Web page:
True Crime in Horse Racing: A Deadly Evening |  The TwinSpires Edge

True Crime in Horse Racing: A Deadly Evening | The TwinSpires Edge

Of the thirteen Triple Crown winnersthree came in the 1930s, including a father-son duo in gallant fox and Omaha. As the country grappled with the Great Depression and the looming threat of war in Europe, racetracks across the country provided respite from those woes, watching the famous names of the era go head-to-head on their favorite ovals. Figures like Seabiscuit and War Admiral, George Woolf and “Sunny Jim” Fitzsimmons have become as familiar as baseball players like Lou Gehrig and Babe Ruth. They were celebrities, and with that came the temptations of money and fame, distractions that can lead some astray.

For Triple Crown winning jockey Willie Saunders, the trappings of fame led to an evening that went tragically wrong, leaving a woman dead and her life changed forever.

On top of the world

William Saunders found himself on the biggest stages of the race earlier than some. Born in Bozeman, Montana, Saunders was eight years old when his family moved to Calgary, Alberta. He exercised horses at Canadian racetracks, but eventually returned to Bozeman to live with his uncle and attend high school. There he raced on the “kerosene circuit,” the area’s smaller competitions, honing his skills in half-mile races before moving to California. The day after his seventeenth birthday, Saunders got his first win at Tanforan near San Francisco. It didn’t take long for the young jockey to catch the eye of “Sunny Jim” Fitzsimmons, who brought Saunders east in 1933.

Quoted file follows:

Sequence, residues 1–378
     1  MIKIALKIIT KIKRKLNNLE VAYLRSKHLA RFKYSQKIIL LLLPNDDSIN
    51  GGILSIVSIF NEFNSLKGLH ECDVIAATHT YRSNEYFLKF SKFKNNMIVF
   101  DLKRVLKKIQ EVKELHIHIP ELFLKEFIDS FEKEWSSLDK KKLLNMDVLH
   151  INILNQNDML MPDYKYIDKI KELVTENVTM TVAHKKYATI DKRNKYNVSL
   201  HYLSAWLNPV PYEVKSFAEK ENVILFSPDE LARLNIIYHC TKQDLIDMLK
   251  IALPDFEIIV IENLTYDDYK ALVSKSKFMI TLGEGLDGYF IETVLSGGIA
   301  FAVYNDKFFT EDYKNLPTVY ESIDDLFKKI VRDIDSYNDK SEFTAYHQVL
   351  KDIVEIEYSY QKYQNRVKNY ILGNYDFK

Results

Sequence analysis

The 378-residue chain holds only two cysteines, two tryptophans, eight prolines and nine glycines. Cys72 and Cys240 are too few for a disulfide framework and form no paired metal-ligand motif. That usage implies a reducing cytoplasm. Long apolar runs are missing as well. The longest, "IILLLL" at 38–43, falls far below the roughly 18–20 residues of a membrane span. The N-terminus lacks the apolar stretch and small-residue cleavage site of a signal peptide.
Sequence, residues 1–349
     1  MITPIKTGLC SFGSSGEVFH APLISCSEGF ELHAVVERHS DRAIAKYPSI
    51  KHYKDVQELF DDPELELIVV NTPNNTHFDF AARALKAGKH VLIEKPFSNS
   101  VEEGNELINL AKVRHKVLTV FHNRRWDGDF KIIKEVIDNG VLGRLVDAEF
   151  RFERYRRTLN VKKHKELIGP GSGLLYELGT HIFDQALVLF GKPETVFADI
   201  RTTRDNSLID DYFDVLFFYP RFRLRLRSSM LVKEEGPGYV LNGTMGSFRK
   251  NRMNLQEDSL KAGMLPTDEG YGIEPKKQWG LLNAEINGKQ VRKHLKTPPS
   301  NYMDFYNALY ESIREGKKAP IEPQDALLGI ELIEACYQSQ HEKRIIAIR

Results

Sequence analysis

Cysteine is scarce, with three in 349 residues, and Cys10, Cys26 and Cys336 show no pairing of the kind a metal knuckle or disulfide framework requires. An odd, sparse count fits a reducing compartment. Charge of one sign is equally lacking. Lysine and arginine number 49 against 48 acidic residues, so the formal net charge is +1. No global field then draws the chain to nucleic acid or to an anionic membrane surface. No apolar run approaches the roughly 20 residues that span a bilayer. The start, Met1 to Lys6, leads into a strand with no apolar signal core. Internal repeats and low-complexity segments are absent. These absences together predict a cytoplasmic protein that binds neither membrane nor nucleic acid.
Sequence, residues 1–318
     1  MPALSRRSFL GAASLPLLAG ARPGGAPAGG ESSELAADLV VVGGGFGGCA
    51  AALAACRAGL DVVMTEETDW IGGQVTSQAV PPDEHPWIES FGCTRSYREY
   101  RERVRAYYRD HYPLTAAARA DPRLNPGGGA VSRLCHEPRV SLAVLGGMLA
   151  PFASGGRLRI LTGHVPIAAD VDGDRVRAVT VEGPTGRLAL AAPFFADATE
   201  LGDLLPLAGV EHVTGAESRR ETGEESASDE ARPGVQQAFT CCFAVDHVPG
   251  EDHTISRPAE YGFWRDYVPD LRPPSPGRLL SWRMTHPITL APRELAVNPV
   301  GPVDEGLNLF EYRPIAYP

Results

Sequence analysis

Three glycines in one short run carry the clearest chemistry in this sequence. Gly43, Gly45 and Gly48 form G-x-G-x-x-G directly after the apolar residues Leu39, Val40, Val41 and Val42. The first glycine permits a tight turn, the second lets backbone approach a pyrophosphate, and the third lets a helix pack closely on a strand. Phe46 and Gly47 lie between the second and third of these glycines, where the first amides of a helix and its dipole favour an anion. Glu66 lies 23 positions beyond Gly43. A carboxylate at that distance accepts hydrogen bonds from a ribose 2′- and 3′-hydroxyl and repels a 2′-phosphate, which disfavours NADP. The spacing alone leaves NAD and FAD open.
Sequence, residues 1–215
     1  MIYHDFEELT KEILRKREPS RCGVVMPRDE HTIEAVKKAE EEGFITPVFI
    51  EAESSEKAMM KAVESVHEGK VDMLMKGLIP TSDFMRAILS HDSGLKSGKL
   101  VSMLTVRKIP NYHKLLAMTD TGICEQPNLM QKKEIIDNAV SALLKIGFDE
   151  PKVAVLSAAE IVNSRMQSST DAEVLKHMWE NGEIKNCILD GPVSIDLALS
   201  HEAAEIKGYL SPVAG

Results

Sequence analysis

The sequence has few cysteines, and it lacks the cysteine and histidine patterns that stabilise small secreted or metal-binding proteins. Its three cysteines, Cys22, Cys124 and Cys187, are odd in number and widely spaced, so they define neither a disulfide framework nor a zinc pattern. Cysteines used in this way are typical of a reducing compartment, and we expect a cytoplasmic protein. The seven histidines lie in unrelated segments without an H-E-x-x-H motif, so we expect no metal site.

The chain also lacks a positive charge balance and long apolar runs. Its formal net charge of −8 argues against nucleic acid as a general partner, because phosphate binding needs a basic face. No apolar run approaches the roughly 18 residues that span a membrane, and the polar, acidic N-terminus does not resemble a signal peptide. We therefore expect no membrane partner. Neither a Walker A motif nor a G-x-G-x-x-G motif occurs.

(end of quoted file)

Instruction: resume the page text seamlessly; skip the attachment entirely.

At the time, Fitzsimmons trained for both Phipps’ Wheatley stable and William Woodward’s Belair stable. As Omaha de Belair prepared for its 1935 campaign, it was Saunders who was chosen to ride this son of Gallant Fox. At twenty, the native of Bozeman was play the Kentucky Derby for the first time, easily winning the biggest race in the country by 1 1/2 lengths. Omaha continued to take the stakes of Preakness by six lengths and a rain-Hardened Belmont Stakes by 1 1/2 lengths to seal the third triple crown. In just three years, the blond young man had gone from an unknown Montana jockey riding half-miles to a Triple Crown hero working for the biggest stable in the country.

With his success came the money. With his age came a desire to enjoy the spoils of his accomplishments, especially as the repeal of Prohibition brought the country back to its favorite libations. In October, several months after his Omaha triumph, Saunders and his friend Walter Schaeffer, a practice rider, decided to hit the town in Louisville, Ky., for a fun night out. But their pleasure would become deadly within hours.

young and free

Schaeffer and Saunders decided to hit Howard’s, a bar and dance hall with a dubious reputation. They weren’t allowed in without companions, so the bouncer asked club regular Agnes Mackinson to accompany the pair inside. Mackinson herself was married but estranged from her husband and consented to drink and dance with Schaeffer and Saunders, but they still needed one more person to complete the party. The men waved to Evelyn Sliwinski, seated with a couple at a nearby table, and persuaded Mackinson to ask the young woman to join them. Sliwinski, also married but flying alone that evening, joined the group as they settled in for the evening. The foursome took to drinking liberally, both gentlemen more than happy to spend the money on their companions.

The group followed their turn at Howard’s with a trip to other clubs, such as Venexia Gardens and then the Cotton Club. Schaeffer and Saunders, who had introduced themselves to women as “Jimmie” and “Tommy”, were excellent dancers, with the four partying late into the night. They left the Cotton Club when Saunders grew jealous of Sliwinski approaching other men, piling into Schaeffer’s car for some fresh air. By this point in the evening, everyone had had their fair share of booze, which likely weakened them, including the person behind the wheel, Schaeffer.